I have been mulling over ecosocial work, or ecological social work recently. This open access journal article calling for all social work to be ecosocial work provided a good starting point. If social work’s main goal is human thriving, now is an urgent time for this aspect of social work to get the attention it deserves- given our intimate dependence on the ecological systems (and I also have a faith-based reason, by way of creation care). Adding on to ‘Why’ for ecosocial work (and also to recommend a very good book), I will do a mini summary and review of the book Doughnut Economics by Kate Raworth.
Raworth starts off by making a strong case for why a new paradigm for economic theory (used interchangeably with economics here) is needed:
“Economics is the mother tongue of public policy, the language of public life, and the mindset that shapes society.” (p11)
Social work (and other areas public interest like education) therefore is not exempt from the influence of economics- from individual social workers seeking to help their clients sustain jobs and maintain their families’ welfare, to indirect practitioners in policy planning. After all, social and welfare spending is accounted for in an economic way- as a proportion of GDP. Thus, countries are often compared in terms of their expenditure as a percentage of their GDP in important areas like healthcare. Politicians try to secure votes by promising GDP growth that ostensibly will increase the prosperity of the people. Few would stop to question this- after all, this has been embedded in the modern statecraft and social compact for so long. However, such unsustainable growth has led us to a point where humanity’s quality of life and in the long run, survival is threatened. At this point, I think of how one-third of Pakistan is underwater.. it is an injustice on a global scale when these communities bear the brunt of climate change that is fueled by the consumerist economic growth of wealthier nations.
Such an unquestioned form of economics is precisely what Raworth’s book seeks to confront. In her words, facing the Medusa- the limits of economic growth.
At the same time, my belief is that some of the strategies within the current economics paradigm is helpful. For example, the Bloomberg Healthcare Efficiency Index ranks countries in terms of their efficiency in healthcare spending- underlying this is the principle that both efficient resource management and quality health outcomes are important. I thus appreciated Raworth’s call for moderation- to “be agnostic about [GDP] growth”. This is one of the 7 main points on being a 21st century economist.
The bulk of the book discusses these 7 main points, which are also niftily summarised through 7 videos that are within 2 mins long on the Doughnut Economics YouTube channel (link to first one here). However, that these videos are merely a teaser to the book, which I experienced as an almost-encouraging revelation of how ideas do change the world. Many examples were cited by Raworth of how the diagrams and graphs drawn by economists to illustrate their hypotheses of how the economic system worked had a hold in the minds of policymakers and world leaders, even though these hypotheses have scant evidence. One is the Kuznets Curve that has since been debunked, but the idea of a needed tradeoff for continued economic growth where the returns will ultimately uplift everyone is still present- “the myth of trickle-down economics” (p.138). While these are negative examples of how the world is shaped by such powerful ideas, the doughnut presents a shining positive example of how we might reshape our narratives- super encouraged to see how cities are adopting this.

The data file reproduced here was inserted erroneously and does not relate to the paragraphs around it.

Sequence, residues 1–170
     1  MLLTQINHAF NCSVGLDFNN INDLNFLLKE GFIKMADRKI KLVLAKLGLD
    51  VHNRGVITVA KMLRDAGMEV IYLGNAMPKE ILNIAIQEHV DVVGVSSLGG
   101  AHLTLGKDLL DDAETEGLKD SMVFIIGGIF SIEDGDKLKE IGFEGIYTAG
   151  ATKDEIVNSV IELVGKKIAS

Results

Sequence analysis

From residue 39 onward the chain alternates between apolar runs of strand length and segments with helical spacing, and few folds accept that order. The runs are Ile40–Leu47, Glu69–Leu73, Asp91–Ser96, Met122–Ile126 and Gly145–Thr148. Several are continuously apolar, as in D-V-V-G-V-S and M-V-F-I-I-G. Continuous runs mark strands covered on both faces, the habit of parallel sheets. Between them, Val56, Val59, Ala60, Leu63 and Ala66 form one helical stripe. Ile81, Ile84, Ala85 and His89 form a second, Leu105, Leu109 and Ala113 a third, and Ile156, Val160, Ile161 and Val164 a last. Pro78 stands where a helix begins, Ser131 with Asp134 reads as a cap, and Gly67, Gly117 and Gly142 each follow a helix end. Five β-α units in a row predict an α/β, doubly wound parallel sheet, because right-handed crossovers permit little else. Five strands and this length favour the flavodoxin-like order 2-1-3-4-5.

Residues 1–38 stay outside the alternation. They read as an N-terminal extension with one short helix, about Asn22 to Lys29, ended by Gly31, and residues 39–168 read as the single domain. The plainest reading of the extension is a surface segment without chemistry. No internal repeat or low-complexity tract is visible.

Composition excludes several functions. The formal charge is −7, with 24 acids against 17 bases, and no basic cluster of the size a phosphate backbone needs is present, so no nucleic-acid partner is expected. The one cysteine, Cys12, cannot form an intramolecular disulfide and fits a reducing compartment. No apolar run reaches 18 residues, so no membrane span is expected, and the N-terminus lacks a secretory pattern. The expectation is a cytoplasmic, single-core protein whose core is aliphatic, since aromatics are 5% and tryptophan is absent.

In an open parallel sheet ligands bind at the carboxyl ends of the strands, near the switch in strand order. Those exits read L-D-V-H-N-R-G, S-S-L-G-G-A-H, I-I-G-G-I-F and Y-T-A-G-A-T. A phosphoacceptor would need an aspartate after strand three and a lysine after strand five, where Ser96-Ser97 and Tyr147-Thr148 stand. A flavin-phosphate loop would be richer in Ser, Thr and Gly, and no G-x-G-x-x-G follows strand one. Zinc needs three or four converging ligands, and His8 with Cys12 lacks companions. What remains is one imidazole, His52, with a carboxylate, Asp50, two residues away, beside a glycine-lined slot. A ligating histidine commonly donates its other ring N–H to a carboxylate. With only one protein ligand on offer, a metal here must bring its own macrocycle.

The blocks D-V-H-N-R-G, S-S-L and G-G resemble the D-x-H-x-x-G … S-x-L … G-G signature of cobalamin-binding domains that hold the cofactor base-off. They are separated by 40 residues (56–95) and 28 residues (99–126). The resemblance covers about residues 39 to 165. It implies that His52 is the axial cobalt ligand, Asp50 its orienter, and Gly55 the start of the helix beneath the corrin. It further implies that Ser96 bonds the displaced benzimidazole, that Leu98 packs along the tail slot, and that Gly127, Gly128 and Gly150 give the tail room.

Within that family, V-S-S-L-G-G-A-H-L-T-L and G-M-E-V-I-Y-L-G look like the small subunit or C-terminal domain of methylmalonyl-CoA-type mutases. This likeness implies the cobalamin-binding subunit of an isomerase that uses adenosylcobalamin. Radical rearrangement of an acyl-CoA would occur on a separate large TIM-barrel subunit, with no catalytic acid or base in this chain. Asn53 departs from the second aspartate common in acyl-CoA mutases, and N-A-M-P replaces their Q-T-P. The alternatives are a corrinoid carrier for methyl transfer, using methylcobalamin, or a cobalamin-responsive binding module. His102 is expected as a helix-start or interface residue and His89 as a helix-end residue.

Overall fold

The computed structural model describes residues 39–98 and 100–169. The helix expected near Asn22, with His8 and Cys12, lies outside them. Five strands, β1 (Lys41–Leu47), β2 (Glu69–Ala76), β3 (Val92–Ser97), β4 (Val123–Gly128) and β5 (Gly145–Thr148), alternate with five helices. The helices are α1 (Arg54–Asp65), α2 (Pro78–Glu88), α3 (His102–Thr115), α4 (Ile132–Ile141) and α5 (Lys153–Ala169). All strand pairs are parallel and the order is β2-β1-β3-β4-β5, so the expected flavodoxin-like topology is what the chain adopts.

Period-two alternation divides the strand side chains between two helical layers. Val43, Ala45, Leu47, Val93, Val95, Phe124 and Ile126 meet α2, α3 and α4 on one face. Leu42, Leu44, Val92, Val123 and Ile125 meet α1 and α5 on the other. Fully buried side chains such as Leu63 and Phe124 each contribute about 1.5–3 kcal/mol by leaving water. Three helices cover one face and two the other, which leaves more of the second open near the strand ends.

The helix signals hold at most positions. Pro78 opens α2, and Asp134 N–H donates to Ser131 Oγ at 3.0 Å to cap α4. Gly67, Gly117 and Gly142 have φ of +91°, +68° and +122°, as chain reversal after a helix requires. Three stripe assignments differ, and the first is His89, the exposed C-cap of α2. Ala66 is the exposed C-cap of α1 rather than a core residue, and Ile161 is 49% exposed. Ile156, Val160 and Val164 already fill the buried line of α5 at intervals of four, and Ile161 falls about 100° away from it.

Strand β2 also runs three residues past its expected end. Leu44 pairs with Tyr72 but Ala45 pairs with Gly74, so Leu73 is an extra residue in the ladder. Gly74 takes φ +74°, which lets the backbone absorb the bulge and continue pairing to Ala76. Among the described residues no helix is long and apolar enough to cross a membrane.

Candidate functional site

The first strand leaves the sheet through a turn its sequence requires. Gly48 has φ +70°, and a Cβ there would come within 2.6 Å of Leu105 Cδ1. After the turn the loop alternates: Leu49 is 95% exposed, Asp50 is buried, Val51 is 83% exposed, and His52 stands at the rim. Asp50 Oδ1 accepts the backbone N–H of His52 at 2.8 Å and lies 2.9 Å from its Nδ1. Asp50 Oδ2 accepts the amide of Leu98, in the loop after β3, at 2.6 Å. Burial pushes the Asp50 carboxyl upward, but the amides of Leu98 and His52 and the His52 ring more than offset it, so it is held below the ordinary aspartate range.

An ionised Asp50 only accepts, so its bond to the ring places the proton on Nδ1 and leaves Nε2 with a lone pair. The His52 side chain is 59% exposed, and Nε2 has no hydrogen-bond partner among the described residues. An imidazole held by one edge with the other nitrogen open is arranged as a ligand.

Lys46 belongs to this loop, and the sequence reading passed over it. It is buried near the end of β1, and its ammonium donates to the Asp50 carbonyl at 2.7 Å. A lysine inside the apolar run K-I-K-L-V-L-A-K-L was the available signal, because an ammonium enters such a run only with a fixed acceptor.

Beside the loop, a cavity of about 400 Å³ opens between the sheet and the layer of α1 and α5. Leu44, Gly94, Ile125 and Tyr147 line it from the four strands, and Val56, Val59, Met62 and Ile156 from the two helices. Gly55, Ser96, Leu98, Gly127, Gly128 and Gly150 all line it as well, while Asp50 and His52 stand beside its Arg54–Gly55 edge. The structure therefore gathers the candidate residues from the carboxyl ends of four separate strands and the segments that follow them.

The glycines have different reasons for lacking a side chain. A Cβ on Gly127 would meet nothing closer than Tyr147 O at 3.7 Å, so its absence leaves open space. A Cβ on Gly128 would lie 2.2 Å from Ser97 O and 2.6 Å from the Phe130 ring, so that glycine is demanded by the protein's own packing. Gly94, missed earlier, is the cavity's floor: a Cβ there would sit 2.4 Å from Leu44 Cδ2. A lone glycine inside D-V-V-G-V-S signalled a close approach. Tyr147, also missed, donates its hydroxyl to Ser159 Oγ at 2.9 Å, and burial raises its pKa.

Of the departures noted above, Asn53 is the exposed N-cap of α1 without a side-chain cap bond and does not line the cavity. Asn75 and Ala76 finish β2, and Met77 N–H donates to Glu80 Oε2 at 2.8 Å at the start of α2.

Nurturing the human nature was another main point which struck me as very bold because it felt so idealistic in the face of public policy-making and economics. However, this again is a call for humanity to reclaim a more positive narrative for ourselves- To divorce from the dominant singular narrative of a “rational economic man”, which has been made as ‘truth’ in economic theory through the forces of scientific positivism and powerful academic thought. Social working this, I realised that there is so much value and potential for community work to encourage economies that promote human thriving. Some ways that this has been done already:
- The use of complementary currencies to encourage “regenerative behaviours” that benefit the planet like the Toreke in Belgium (see p.5 of report); where the Toreke was used with other community building efforts to bridge social divides and encourage environmentally friendly practices
- Creation of localised economies based on principles of mutual aid and planet care rather than the value of utility that the dominant economy functions on: Viva Blue House in Hong Kong (!! so close to me but I have yet to visit; clean forgot about it after I KIVed to go)
- Sharing points for ‘rescued’ food and items (must include example closer to home haha): KampungBishan and Fridge Restock Community Why do I consider this an economic design? Economics is basically how resources are managed- in the production, distribution and consumption. Having these sharing points addresses the distribution and consumption aspects.
I don’t really know the answer to “what next?”, or rather, “what more?”. Perhaps as with a kernel, this needs time and the right season to germinate. In the meantime, I rage and I hope.
Update: News of Patagonia founder transferring ownership of the company to a trust and nonprofit to fight climate change is encouraging! 🎉 At the same time, pondering on how it will pan out: Some experts sounded caution that Patagonia and its linked entities can go off-track- “What makes capitalism so successful is that there’s motivation to succeed” // There is some truth in that quote but perhaps it focuses too much on the “rational economic man”.